Genesis

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The Paradise is small and spherical in shape. There are plants with large flowers. The petals of the flowers are suggestive of flesh. There is a narrow river with clear water. Two men live inside the Paradise. They live alone. They eat the flowers that look like flesh. They drink water from the clear river. Both men are naked. They have sex often and in different ways. Sometimes, the men rub their cocks together until they ejaculate. At other times, one man will put his cock inside the other and rub until both men ejaculate. After sex, the two men walk the Paradise. They talk about what they see: the flowers, the clear river, the smallness of the world. One day a god comes to the Paradise. The god looks something like a tree, but not exactly. There are branches, yes. And there is a trunk with bark. There are no apples or fruits of any kind. The two men look at the god. The god looks back at the two men. Then the god departs. The two men have sex again. This time, it’s different. Not worse. Just different. After sex, they walk around the Paradise. They walk for a long time before either of them speaks. One of the men finally pauses near the narrow river and says, “What if I make up a story for you?” The other man doesn’t answer at first. He wonders what kind of story it might be. He wonders if he’s ever heard a story before. He gazes at the clear river and the flowers. Then he looks at the other man and notices, for the first time, that the man has brown hair and dark eyes. He thinks about the smallness of their world. Then he feels an emotion he can’t quite understand. It’s something like confusion, but not exactly. Finally, he says, “All right. Go ahead. Tell your story.” He can’t help himself.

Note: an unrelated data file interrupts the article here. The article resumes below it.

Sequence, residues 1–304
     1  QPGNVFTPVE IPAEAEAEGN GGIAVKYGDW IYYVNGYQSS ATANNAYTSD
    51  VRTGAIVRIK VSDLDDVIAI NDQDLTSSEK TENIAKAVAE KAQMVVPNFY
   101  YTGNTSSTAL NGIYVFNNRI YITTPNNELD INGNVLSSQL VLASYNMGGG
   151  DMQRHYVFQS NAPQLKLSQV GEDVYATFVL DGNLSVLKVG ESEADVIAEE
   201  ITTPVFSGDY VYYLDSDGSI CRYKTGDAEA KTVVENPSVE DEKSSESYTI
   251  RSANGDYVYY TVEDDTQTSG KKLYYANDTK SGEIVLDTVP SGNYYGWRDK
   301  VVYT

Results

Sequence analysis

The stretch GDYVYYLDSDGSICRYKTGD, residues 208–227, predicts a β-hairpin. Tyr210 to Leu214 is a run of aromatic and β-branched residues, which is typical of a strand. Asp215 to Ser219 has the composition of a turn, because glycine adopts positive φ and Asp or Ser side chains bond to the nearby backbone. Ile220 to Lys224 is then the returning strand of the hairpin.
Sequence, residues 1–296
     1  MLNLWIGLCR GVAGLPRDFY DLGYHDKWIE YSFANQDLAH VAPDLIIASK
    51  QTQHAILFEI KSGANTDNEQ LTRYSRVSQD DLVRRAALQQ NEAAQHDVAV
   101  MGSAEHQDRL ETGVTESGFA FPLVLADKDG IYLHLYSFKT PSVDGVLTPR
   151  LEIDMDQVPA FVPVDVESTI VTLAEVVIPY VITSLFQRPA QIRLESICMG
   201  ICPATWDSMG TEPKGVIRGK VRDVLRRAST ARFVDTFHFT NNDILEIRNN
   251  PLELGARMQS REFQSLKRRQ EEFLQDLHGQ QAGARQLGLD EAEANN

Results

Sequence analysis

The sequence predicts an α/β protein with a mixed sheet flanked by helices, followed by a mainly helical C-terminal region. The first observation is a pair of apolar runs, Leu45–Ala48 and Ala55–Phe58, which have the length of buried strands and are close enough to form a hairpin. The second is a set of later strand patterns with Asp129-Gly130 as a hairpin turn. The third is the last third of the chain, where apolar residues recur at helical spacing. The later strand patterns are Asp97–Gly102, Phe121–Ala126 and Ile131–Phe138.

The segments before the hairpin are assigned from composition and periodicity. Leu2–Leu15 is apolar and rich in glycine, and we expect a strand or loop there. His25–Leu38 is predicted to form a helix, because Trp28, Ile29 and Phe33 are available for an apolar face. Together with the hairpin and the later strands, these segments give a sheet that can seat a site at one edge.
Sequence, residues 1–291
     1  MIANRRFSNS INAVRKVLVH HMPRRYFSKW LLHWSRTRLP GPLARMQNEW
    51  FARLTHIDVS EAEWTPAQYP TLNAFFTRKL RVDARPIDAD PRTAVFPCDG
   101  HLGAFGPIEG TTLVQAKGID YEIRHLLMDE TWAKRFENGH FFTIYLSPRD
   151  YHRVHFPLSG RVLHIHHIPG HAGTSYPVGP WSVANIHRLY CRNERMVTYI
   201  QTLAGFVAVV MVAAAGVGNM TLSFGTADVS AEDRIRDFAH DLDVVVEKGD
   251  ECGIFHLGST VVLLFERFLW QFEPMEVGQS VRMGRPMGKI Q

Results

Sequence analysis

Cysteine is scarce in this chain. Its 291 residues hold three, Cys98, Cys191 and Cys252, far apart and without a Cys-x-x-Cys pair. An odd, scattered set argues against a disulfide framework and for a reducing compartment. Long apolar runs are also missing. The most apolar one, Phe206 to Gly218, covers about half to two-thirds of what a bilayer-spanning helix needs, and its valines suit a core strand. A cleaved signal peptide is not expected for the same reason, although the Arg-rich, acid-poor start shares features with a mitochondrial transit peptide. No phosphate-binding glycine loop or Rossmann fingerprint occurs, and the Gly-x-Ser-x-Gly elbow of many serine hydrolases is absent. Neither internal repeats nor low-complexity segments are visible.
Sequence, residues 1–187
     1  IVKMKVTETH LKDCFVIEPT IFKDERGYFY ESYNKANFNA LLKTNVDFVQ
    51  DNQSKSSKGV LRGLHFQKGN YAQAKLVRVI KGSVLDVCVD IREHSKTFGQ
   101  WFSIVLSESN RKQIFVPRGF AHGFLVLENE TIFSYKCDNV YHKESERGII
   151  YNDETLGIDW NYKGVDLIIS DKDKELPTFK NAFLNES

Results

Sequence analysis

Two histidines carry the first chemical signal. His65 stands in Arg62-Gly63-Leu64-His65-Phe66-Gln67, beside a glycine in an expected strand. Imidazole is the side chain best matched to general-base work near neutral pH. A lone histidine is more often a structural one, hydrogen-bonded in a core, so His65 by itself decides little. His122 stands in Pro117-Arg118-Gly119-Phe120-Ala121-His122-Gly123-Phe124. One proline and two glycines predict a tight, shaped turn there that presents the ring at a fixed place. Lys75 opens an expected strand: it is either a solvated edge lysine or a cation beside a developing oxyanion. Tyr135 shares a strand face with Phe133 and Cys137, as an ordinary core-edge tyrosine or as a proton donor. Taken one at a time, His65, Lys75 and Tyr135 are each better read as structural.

Photo used under CC.




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About Author

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Adam McOmber is the author of This New and Poisonous Air: Stories (BOA Editions 2011), The White Forest: A Novel (Simon and Schuster 2012) and My House Gathers Desires (BOA Editions 2017). His work has appeared recently in Conjunctions, Kenyon Review and Fairy Tale Review. He teaches in the MFA Program at Vermont College of Fine Arts.

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